The Bitcoin blockchain was the first, and is the most well-known blockchain. It keeps a record of every Bitcoin transaction made in the world, and all cryptocurrencies operate on a blockchain. At CoinField, we operate on the XRP Ledger.
Blockchain technology is the basis for the Web 3.0 because it’s secure and anonymous. When people are able to remain anonymous on the internet, it stops companies like Facebook or Google from collecting data and selling it. When something is decentralized, there’s not one owner, which makes for a fairer, more transparent system. It would be empowering for people to control the content on the internet instead of relying on owners of websites to keep content live and published.
Take for instance the decentralized cloud storage platform Sia. They have launched Skynet, a blockchain-based web hosting platform, which uses peer-to-peer file storage. Anybody can upload a piece of content to the internet, and that content will remain online forever as long as just one person “pins” it. It’s a way of giving internet users the ability to control what’s online, something which people think they already have control of, but they actually don’t.
On any given Web 2.0 website, an article can be removed by the website owner whenever they want, but Skynet, a Web 3.0 service, is a way of ensuring content is not at the mercy of one company or person. This decentralized system gives the power back to people, giving them control of what stays online and what doesn’t. It does, however, remain to be seen how Sia plans to deal with illegal content.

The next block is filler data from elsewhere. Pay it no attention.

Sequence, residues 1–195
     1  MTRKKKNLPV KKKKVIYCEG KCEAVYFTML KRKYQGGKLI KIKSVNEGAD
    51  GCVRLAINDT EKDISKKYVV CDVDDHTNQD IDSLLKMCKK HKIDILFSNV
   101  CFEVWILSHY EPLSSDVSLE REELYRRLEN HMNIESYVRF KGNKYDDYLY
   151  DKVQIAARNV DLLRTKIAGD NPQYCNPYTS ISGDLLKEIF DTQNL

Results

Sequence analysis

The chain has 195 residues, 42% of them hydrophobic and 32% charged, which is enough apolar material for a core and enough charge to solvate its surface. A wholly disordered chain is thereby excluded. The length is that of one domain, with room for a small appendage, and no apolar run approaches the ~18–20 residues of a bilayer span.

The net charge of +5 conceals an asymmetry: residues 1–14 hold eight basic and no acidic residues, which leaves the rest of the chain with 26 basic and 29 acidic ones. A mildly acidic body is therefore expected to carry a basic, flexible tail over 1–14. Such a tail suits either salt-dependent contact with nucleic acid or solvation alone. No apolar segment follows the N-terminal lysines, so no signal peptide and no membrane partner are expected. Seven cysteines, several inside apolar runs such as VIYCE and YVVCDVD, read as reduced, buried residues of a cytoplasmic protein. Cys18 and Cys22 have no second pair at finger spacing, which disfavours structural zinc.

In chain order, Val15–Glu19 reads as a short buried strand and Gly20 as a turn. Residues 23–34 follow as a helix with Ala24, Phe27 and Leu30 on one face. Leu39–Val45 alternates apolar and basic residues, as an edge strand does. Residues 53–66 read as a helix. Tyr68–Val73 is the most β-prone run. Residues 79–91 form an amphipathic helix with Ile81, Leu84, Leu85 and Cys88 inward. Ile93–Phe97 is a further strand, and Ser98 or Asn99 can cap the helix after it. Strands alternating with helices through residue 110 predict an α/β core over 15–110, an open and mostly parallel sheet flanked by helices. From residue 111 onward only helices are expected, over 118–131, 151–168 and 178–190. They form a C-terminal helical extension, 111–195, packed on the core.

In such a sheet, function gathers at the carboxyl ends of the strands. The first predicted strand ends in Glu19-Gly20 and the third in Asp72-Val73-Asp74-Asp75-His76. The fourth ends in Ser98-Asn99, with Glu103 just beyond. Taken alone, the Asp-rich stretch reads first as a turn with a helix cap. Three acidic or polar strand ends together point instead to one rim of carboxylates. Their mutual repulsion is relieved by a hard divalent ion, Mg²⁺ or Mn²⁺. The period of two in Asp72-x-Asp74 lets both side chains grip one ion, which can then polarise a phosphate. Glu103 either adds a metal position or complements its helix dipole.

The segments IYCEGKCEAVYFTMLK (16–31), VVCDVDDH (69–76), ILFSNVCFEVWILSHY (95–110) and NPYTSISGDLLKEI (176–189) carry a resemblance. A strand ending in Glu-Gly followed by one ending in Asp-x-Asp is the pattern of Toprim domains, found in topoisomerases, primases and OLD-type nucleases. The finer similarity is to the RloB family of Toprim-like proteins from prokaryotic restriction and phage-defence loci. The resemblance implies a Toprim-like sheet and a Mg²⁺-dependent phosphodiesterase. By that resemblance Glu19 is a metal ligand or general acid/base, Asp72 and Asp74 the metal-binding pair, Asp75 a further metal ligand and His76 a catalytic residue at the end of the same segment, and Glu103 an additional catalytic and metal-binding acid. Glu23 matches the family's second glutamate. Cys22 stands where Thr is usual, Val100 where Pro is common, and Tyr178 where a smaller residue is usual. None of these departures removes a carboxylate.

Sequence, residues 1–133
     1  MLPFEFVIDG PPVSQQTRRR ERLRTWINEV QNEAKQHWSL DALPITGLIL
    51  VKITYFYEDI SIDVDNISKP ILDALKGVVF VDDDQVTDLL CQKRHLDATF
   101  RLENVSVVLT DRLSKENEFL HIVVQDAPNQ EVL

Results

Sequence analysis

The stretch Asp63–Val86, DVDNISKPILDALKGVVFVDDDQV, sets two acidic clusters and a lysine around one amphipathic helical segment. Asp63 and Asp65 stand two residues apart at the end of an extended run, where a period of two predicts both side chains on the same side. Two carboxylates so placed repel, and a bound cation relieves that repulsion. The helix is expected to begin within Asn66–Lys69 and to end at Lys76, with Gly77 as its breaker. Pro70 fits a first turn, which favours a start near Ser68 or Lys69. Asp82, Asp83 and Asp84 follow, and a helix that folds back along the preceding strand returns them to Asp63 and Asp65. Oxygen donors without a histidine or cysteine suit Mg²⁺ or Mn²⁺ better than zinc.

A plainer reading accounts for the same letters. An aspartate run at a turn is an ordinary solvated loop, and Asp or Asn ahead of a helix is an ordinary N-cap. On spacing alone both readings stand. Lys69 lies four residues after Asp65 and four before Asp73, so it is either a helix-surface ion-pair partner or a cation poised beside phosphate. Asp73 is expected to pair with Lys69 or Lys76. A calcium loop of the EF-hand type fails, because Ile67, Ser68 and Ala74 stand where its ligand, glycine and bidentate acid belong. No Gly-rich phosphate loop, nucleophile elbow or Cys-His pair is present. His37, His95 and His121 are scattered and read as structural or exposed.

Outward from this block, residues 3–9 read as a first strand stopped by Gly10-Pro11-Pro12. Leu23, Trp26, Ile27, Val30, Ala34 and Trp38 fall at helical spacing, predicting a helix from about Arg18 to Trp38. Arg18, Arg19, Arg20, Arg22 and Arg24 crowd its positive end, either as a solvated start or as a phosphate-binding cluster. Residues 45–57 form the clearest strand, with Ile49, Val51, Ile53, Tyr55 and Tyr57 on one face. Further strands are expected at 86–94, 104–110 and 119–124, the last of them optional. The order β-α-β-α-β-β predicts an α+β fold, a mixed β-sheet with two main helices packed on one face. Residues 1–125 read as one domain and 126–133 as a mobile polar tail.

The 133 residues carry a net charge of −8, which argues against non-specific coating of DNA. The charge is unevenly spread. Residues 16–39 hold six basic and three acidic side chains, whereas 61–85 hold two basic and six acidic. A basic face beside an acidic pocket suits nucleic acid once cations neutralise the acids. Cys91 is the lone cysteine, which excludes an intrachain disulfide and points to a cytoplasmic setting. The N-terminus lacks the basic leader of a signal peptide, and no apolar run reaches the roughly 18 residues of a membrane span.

The Web 3.0 will allow internet users to control how much of themselves is online and therefore how much data companies can extract from individuals. The Brave Browser is a great example of a blockchain-based Web 3.0. It works like Chrome or any other search engine except it’s faster and doesn’t track user activity or location. This avoids users being bombarded with advertisements. What’s more, users are rewarded for their visits to certain websites and are paid for their attention in the cryptocurrency BAT. It’s completely anonymous too, so no one will ever know what websites users have paid the most attention to.
The Web 3.0 is pro-privacy, pro-anonymity, pro-transparency, and much more. It’s a fair system, one which allows people to take control of their own data, and helps people rest easy knowing their assets are secure and protected.
At CoinField, we believe that cryptocurrency is just one element of the Web 3.0, and that there are many benefits to a blockchain-based internet. We want to encourage the mass-adoption of cryptocurrency and build trust in blockchain technology. The Web 3.0 is exciting. It’s an internet revolution, and it’s happening now!